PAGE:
William E. Spangler is Professor of Information Systems Management and Associate Dean for Academic Affairs in the Palumbo Donahue School of Business at Duquesne University. He has taught a wide array of technical and managerial courses in information systems, focusing in the past few years on information systems auditing, control and security. He also has been heavily involved in the international programs over the past 10 years, having led student groups on study abroad trips to destinations that have included Europe, South America, China, India, Japan, and South Africa.
Since coming to Duquesne, Dr. Spangler has received several teaching awards, including the Palumbo-Donahue Outstanding Educator Award, the Rethwisch Outstanding Teaching Award, two Duquesne University Creative Teaching Awards, and an Apple Polishing Award. He also has published several academic journal articles related to instructional design and strategies within the information systems curriculum.
Dr. Spangler's research interests have focused on computational modeling for decision support in complex systems, as well as machine learning and data mining. His work has been published in numerous academic journals, including Management Science, Communications of the ACM, Journal of Management Information Systems, Decision Support Systems, Information and Management, Production and Operations Management, Interfaces, and IEEE Transactions on Knowledge and Data Engineering.
Prior to joining the faculty at Duquesne, Dr. Spangler spent several years in private industry working for Fortune 500 companies such as Unisys Corporation and Westinghouse Electric Corporation, as well as small companies such as the R&D firm Seer Systems. He also taught for three years in the business school at West Virginia University immediately prior to his move to Duquesne. He is a member of the Association for Information Systems (AIS), the International Association for Computer Information Systems (IACIS), the Information Systems Audit and Control Association (ISACA), and the Institute of Internal Auditors (IIA).
In his spare time, Dr. Spangler loves to travel and particularly enjoys the outdoors, including hiking and bike-riding. He also enjoys photography and all types of electronic gadgets.
Hartzel, K., Spangler, W., Gal-Or, M., May, J., "Blurring the Boundaries Between Physical and Digital Systems Through Object-Oriented Design and Implementation", 8th Academy of Business and Information Technology Annual Meeting
Abreu, C., May, J., Spangler, W., & Vargas, L. (2008). Decision Support for Conflict Identification and Reconciliation in Collaborative Manufacturing Scheduling. International Journal of Information Technology and Decision Making, 7, 147 - 174.
Gal-Or, M., May, J., & Spangler, W. (2009). When to Choose an Ensemble Classifier Model for Data Mining. International Journal of Business Intelligence and Data Mining.
Hartzel, K., Spangler, W., Gal-Or, M., & May, J. (2009). Decision Making in Distributed Objects Using Radio Frequency Identification. Journal of International Management Studies, 4.
Spangler, W., Hartzel, K., Gal-Or, M., & May, J. (2009). Modeling Complexity In Physically-Distributed Object-Oriented Systems. Journal Of Computer Information Systems.
Strum, D., Vargas, L., May, J., Spangler, W., & Stanciu, A. (2009). Concepts of Operating Room Efficiency. In J. Stonemetz & K. Ruskin (Eds.), Anesthesia Informatics: Springer.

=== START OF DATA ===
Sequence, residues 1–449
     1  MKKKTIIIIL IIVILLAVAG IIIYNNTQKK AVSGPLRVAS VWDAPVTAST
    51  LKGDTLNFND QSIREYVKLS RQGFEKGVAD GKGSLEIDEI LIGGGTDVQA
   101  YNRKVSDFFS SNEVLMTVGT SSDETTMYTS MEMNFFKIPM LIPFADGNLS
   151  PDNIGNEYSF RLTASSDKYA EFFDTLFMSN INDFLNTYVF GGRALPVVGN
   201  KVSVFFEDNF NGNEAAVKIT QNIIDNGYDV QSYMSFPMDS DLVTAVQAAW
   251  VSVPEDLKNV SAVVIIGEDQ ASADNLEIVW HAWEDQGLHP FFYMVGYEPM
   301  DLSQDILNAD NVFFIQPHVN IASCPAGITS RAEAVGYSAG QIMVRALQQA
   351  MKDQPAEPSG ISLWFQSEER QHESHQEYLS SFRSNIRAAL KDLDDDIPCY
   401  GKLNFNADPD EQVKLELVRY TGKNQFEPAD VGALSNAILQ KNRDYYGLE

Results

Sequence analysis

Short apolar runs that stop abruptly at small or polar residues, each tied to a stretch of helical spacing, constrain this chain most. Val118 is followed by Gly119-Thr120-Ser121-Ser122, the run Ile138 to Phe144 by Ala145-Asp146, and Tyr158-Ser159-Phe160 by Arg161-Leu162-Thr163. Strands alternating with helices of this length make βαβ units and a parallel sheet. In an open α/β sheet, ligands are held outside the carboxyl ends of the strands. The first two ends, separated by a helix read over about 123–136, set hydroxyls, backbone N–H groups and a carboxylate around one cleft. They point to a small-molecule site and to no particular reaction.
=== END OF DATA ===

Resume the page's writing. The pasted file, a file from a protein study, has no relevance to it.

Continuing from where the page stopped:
Wasieleski, D., Spangler, W., & Gal-Or, M. (2009). Facilitating Consumer Acceptance of RFID and Related Ubiquitous Technologies. International Journal of Applied Logistics.
Hartzel, K., Spangler, W., Phelps, A., & Martinez, A. (2009). An Empirical Study of Emerging Trends in On-line Social Network Usage. Proceedings of the IACIS, September, 2009.
Gal-Or, M., Spangler, W., & Wasieleski, D. (2010). Facilitating Consumer Acceptance of RFID and Related Ubiquitous Technologies. International Journal of Applied Logistics, 1(1), 16-27.
May, J., Spangler, W., Strum, D., & Vargas, L. (2010). The Surgical Scheduling Problem: A Survey Of Current Research And Opportunities For Future Exploration. Production And Operations Management.
My core research background and training is in artificial intelligence; specifically the construction of computer models that are intended to simulate, and therefore explain, certain aspects of human reasoning. My doctoral work focused on simulating the procedure-driven behavior of nuclear power plant operators, but later extended into data mining and the construction of classification/predictive computer models. Those models have been applied in such diverse areas as health care, specifically surgical suite scheduling and operations, as well as in targeted advertising (i.e., profiling individual demographic and psychographic characteristics from their television viewing patterns).
Subsequently, in keeping with the mission of the business school and the university, I have extended my research into the areas of sustainability and social responsibility, particularly the role and impact of information technology in those areas. This has included a follow-up study of the privacy implications associated with identifying individual characteristics from their television viewing, and a study of the how organizations can respond to the concerns of individuals regarding the use of radio frequency identification (RFID) tags in purchased items. More recently, I am working with my colleagues here at Duquesne to explore the impact of on-line social networks in fostering what might be termed 'charitable behavior' in individuals. In so doing, this study also seeks to compare the influence of OSNs across different nations, including the US, China and India. In separate studies, we also are exploring attitudes and behaviors surrounding the use and impact of information technology in driving corporate sustainability.